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105mm shell case markings


New Member
Hi all,

I was given this WWII 105mm shell case at the weekend, by my Dad who found it at a car boot sale - to go with a few other pieces of WWI/WWII militaria that I've collected over the years.

While looking up the head-stamp markings, I came across this site. Having lurked here for a while, I (think) that it's a US M101 howitzer shell case, manufactured by Symington Machine Corp, NY.

I have a couple of further questions, which I would be extremely interested in some expert help with.

In the (hopefully) attached image, there is a crest or insignia on the bottom left-hand side, which I can't seem to account for (albeit with limited research). What does this represent? A unit insignia perhaps?

Also, how should I clean this up, brasso and elbow grease? Or would it be best left alone?



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Your case is a standard 105 Howitzer case M14, which is the most common 105mm case, except yours says Type I which makes it unusual and more rare. It is also 1942 dated, which also makes it more rare and valuable to collectors. The marking you mentioned looks like the standard crossed cannons U.S. Ordnance mark, but it is hard to make out.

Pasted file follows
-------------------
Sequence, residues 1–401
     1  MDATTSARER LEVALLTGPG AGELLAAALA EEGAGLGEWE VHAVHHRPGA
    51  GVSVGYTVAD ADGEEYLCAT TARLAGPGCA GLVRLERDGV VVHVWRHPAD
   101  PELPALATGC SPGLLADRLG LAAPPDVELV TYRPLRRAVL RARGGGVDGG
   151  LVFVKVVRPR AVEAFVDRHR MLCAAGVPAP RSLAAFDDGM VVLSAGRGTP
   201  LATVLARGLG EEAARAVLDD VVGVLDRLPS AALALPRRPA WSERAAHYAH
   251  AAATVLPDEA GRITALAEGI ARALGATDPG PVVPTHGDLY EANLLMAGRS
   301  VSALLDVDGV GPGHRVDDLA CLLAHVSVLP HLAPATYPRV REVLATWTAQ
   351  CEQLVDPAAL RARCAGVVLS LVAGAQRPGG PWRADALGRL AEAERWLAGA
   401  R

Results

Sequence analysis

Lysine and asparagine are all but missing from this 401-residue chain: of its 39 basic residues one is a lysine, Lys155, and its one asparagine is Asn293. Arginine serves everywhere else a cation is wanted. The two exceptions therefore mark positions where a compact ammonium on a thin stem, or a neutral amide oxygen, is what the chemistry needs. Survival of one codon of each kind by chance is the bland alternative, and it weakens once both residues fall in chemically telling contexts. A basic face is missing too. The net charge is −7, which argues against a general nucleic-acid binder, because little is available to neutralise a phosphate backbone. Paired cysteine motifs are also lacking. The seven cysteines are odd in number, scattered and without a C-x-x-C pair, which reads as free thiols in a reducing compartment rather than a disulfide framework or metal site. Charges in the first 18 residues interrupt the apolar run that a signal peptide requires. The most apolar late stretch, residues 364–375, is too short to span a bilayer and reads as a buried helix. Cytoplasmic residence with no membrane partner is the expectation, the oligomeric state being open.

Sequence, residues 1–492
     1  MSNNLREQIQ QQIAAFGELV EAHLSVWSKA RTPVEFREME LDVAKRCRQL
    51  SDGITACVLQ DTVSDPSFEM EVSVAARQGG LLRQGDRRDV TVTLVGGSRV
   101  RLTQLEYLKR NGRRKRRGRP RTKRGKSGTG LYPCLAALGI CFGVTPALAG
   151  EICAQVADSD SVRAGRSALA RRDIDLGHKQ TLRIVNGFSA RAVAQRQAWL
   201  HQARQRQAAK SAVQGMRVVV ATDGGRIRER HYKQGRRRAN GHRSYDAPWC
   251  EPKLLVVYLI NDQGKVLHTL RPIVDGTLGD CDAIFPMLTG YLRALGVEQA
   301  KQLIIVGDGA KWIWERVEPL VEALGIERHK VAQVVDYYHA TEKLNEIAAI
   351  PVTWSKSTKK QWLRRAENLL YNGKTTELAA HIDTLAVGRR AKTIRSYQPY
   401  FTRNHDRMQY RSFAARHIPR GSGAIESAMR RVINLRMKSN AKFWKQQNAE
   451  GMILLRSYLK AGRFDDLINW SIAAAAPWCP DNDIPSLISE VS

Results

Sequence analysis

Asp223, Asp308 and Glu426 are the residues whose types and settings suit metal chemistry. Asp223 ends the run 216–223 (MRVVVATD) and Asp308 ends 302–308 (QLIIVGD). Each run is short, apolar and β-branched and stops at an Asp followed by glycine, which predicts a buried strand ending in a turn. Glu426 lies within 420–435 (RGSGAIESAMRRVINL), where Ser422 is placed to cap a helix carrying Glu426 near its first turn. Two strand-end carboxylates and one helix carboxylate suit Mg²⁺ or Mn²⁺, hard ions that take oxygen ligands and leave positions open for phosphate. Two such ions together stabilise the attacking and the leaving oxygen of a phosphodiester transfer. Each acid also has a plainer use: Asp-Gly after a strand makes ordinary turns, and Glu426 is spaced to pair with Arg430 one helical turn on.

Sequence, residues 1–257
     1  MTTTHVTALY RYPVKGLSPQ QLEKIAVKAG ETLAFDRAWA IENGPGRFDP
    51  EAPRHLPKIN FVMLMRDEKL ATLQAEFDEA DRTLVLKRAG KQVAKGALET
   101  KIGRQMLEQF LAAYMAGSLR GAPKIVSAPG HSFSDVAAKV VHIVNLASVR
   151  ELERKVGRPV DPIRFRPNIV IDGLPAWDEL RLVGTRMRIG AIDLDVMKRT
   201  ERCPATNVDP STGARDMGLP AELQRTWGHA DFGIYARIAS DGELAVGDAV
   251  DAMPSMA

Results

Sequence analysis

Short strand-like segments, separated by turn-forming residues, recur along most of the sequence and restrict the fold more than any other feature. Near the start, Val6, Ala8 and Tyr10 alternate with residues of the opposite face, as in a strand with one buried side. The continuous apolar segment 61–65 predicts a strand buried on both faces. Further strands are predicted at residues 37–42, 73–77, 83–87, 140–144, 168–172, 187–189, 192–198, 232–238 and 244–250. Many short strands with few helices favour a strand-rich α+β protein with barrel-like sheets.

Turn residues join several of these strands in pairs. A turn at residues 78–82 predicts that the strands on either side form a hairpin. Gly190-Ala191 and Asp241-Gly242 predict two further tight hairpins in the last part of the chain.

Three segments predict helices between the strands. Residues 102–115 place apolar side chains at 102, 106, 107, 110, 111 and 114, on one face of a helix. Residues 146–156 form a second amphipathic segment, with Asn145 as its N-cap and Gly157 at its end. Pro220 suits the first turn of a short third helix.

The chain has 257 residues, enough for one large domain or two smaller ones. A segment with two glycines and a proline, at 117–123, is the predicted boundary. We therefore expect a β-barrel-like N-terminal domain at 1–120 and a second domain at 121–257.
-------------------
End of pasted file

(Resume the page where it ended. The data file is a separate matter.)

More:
Hi John,

I'm sure that you're correct. The picture I uploaded was at 600dpi, but it's obviously been down sampled by the message board software. I can make out an upside-down cannon/flaming bomb motif, which matches the description.

Many thanks.
You are very welcome, and thanks for the question. I learned a lot myself, as after I replied the first time, I checked a few random cases of mine, and then checked my TM 9-1904 Ammunition Inspection Guide dated 1944. The Type I case is the standard case used for all rounds except the M67 HEAT. The M67 HEAT used the Type II case, which was slightly smaller at the mouth to hold the projo. Originally, the M67 was issued as a fixed round with loose powder in the case, whereas all the other rounds were semi fixed with 7 powder bags in the case. It was used for direct broadside fire at hard targets, and the tight case would allow them to unload the chamber with the barrel in a horizontal position. Later on in the war, the M67 was issued as a semifixed round like all the other 105 H rounds, due to the logistics of wanting to use the same type of crates as used for all the other rounds. So, a Type II case would be more rare than a Type I. You will also notice that the M14 Type I is stamped in an arc. The current cases are stamped in a straight line to save cost.

Most recently some 105 H rounds are issued as fixed. The rounds for the AC130 Spectre Gunship are crimped and marked "For Aircraft Use only" on the base, as the barrel is actually pointed down when that gun is loaded. The spike-nosed HEAT M456 variant projo is also crimped in the case for the same reason as the earlier M67, when used in ground howitzers.